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Trump claims about cutting regulations give Dems 2020 election opening

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President Donald Trump uses gold scissors to cut a red tape tied between two stacks of papers representing the government regulations of the 1960s (L) and the regulations of today (R) after he spoke about his administration's efforts in deregulation in the Roosevelt Room of the White House in Washington, DC on December 14, 2017.

Trump has dramatically reduced the pace of new rules, although it is unclear whether he has actually cut more regulations than his predecessors. The pace of federal restrictions climbed by 0.73 percent during the president’s first 15 months in the White House, according to a FactCheck.org assessment citing data from George Mason University’s Mercatus Center. By December, only about 325 more restrictive rules were on the books than when Trump took office, the report said. For comparison, the same type of rules increased by about 1.5 percent annually during both the Obama and George W. Bush administrations.

It is not clear whether Trump’s regulatory changes actually improved the economy, either. Average monthly job creation has not noticeably improved since the Obama administration, while gross domestic product growth has.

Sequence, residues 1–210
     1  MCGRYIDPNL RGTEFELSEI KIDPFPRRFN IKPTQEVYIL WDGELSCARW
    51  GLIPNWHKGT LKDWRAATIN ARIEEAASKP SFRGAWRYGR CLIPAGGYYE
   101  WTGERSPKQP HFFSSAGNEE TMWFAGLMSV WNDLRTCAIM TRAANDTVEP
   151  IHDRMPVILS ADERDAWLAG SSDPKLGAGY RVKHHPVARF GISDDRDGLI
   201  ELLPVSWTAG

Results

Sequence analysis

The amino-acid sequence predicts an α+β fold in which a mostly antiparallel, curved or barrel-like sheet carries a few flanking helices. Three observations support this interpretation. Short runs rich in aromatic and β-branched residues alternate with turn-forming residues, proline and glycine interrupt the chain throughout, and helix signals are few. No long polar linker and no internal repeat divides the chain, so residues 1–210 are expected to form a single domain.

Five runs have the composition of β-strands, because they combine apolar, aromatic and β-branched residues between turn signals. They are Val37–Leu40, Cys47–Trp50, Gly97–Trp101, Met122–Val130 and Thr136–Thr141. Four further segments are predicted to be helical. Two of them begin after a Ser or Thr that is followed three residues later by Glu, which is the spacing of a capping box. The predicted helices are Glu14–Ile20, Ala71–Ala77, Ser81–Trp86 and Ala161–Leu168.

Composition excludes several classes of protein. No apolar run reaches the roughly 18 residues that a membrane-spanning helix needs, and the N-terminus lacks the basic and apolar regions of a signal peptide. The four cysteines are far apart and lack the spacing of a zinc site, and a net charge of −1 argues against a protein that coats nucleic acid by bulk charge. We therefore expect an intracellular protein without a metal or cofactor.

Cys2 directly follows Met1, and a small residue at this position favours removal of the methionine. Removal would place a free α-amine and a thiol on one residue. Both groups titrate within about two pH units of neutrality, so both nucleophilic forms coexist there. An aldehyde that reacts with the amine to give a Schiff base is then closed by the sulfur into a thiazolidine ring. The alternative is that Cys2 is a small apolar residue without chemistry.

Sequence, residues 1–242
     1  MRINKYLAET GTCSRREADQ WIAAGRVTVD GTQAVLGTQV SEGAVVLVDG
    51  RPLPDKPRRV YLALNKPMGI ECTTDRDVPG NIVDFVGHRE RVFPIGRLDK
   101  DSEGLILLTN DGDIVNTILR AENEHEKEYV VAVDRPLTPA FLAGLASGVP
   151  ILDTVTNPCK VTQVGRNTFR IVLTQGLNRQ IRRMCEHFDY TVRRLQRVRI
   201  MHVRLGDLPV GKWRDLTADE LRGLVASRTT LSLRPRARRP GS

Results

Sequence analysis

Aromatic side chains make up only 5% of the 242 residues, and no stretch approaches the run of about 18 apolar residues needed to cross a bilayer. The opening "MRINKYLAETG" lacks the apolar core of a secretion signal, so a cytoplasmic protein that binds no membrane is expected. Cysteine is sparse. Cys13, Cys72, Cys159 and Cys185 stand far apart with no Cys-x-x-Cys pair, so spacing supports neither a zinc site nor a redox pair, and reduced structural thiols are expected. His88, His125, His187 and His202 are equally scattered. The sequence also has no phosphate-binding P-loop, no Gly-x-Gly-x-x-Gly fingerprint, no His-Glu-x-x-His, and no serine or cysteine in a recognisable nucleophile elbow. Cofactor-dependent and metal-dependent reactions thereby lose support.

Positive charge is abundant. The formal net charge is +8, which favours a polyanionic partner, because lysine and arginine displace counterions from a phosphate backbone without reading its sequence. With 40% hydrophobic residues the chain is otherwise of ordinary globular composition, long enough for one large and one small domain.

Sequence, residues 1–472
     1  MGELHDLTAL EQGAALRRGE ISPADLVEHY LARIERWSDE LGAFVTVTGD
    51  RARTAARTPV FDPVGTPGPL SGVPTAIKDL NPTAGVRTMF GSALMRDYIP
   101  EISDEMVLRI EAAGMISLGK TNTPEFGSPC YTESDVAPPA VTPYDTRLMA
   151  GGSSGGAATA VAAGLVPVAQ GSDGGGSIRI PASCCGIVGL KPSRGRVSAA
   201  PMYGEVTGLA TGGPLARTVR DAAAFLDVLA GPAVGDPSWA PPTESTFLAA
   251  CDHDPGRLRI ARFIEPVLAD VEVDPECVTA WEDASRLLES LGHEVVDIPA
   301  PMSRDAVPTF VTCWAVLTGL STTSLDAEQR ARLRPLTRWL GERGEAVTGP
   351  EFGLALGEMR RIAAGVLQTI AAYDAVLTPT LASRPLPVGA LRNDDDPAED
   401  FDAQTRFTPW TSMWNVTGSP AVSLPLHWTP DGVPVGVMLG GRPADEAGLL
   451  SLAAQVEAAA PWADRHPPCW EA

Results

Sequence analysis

Trump certainly thinks touting his deregulatory efforts makes a good political case. For years, politicians have promoted efforts to make it easier for businesses to operate and create jobs.

But public opinion may go against him — especially in an era when attacks on big business and the wealthy have proven potent.

As Trump prepared to enter office in January 2017, 51 percent of voters said he should not remove regulations on businesses and corporations, while 39 percent responded that he should, according to a Quinnipiac University poll. In addition, 59 percent of respondents said he should not remove specific regulations intended to combat climate change versus 32 percent who thought he should.

Voters answered differently depending on their parties. While the vast majority of Democrats and most independents said they favored keeping regulations in place, Republicans by a wide margin said they wanted the president to get rid of rules.

The politics around regulation can change in an instant if voters see a practical effect from lax rules. For instance, Boeing has faced more scrutiny over the certification process for its 737 Max jets following two deadly crashes since October.

Rumblings for more scrutiny of Boeing have already started within the Democratic field. On Wednesday, Klobuchar called for a congressional “oversight investigation on what happened” with the company’s jets.

So far, Trump has faced less political backlash than he might have if the crashes took place in the United States, said Stan Veuger, a resident scholar at the American Enterprise Institute, a conservative-leaning think tank. If more problems with the 737 Max emerge — or the issues become more directly tied to Trump administration policy — Trump could start to face more political pressure over it.

“I think for there to be real political risk, you need to have a serious incident,” Veuger said.

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